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For Immediate Release, October 15, 2009

Contact:  Shaye Wolf, (415) 632-5301, (415) 385-5746

Obama Administration Denies Protection for Arctic Seal Threatened by Global Warming

ANCHORAGE, Alaska— Today the Obama administration denied Endangered Species Act protection for the spotted seal, an Arctic species dependent on sea ice whose habitat is rapidly melting away in the face of global warming. The finding, issued by the National Oceanic and Atmospheric Administration, comes in response to a petition and lawsuit by the Center for Biological Diversity.  

“While its rhetoric may be better, when it comes to actual action in protecting endangered species, the Obama administration is indistinguishable from Bush,” said Shaye Wolf, a biologist with the Center for Biological Diversity. “Sound science and the protection of the environment still take a back seat to political expediency.”

Spotted seals rely on the edge of the sea ice away from predators as safe habitat for giving birth and rearing their pups. Loss and thinning of sea ice and early sea-ice breakup threaten these seals’ ability to successfully raise their young. Climate projections indicate that the spotted seal will lose 40 percent of its winter sea-ice habitat in the Bering and Okhotsk seas off Alaska and Russia by 2050.

In addition to loss of sea ice from global warming, the spotted seal faces threats from increased oil and gas development in its habitat. Oil and gas development brings a heightened risk of oil spills and rising levels of noise pollution and other kinds of human disturbance. The Obama administration is currently in the process of deciding whether to go forward with a Bush-era plan to expand offshore oil and gas development in spotted ice seal habitat in the Arctic.

In today’s finding, to be published in the Federal Register next week, while the National Oceanic and Atmospheric Administration acknowledges that sea ice in the Arctic is rapidly melting, the agency somehow concludes that the ice-dependant spotted seal will either adapt to a life on land or migrate to better habitat elsewhere. Only a small population at the southern fringe of the species’ range was determined to be imperiled by the agency.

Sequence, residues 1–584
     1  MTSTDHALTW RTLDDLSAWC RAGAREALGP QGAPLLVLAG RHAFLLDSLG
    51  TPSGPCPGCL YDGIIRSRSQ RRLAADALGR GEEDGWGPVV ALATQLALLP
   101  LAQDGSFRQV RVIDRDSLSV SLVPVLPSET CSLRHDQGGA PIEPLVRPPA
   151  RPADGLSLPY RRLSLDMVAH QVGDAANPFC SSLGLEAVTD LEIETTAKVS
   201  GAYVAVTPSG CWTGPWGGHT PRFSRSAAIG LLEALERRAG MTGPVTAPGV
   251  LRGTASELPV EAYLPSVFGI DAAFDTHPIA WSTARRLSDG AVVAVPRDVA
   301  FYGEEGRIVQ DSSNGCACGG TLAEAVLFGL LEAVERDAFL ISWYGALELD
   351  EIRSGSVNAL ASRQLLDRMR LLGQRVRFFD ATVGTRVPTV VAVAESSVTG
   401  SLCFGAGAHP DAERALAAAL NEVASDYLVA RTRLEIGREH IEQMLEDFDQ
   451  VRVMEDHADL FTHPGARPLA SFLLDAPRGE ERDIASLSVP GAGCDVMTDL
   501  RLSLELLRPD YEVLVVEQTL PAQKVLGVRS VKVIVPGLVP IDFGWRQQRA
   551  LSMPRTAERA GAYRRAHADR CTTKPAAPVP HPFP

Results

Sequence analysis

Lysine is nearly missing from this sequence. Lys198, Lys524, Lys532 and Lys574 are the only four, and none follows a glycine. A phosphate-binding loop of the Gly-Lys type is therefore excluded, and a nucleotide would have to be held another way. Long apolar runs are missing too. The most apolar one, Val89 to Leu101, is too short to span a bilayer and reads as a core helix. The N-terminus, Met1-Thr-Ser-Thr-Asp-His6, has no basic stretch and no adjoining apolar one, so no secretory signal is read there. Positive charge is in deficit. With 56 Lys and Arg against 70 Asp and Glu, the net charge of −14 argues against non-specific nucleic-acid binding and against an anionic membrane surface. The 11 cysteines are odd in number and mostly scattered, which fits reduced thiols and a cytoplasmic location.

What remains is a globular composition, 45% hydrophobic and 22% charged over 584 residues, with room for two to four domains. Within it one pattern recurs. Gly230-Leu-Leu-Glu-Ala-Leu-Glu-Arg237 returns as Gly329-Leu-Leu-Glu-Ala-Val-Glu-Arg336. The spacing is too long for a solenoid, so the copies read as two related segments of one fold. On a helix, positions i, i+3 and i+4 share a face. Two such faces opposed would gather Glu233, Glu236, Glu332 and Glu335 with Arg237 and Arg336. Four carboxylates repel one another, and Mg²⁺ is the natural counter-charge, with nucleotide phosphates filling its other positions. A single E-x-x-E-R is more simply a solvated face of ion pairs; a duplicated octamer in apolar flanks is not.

The agency proposed listing for spotted seal populations in Liaodong Bay, China and Peter the Great Bay, Russia due to the threats of diminishing sea ice. However, the agency failed to propose protections for more than 98 percent of the world’s spotted seals that inhabit U.S. and Russian waters, claiming that declining sea ice does not threaten these populations.

Today’s decision comes shortly after scientists announced that Arctic summer sea ice has reached its third-lowest minimum ever, and after scientists released new data suggesting that the Arctic will be ice free in the summer within 20 years.

“The Arctic is experiencing a rapid meltdown, and yet the Obama administration refuses to acknowledge that sea-ice loss is jeopardizing the spotted seal in U.S. waters,” said Wolf. “It is tragic that the administration has denied the spotted seal needed protections in our own waters, where we can provide the most help.”
In May 2008, the Center filed a petition to protect the spotted seal, bearded seal, and ringed seal under the Endangered Species Act due to threats from global warming and increasing oil development in their habitat. Listing of the seals would not affect subsistence harvest of these seals by Alaska natives, which is exempted from the law’s prohibitions. In September 2008, the agency found that the three seal species may deserve Endangered Species Act protection but failed to make a decision on whether the species warrant legal protection within the one-year deadline provided by the statute. Following a lawsuit and settlement, the agency was required to make a finding on whether listing is warranted for the spotted seal by October 15, 2009 and for the ringed and bearded seals by November 1, 2010. The Center is currently challenging the agency’s decision to deny Endangered Species Act protection to the ribbon seal.

For more information on the spotted seal and a link to the federal petition, please see: seals/index.html.

The Center for Biological Diversity is a national nonprofit conservation organization with 240,000 members and online activists dedicated to the protection of endangered species and wild places.


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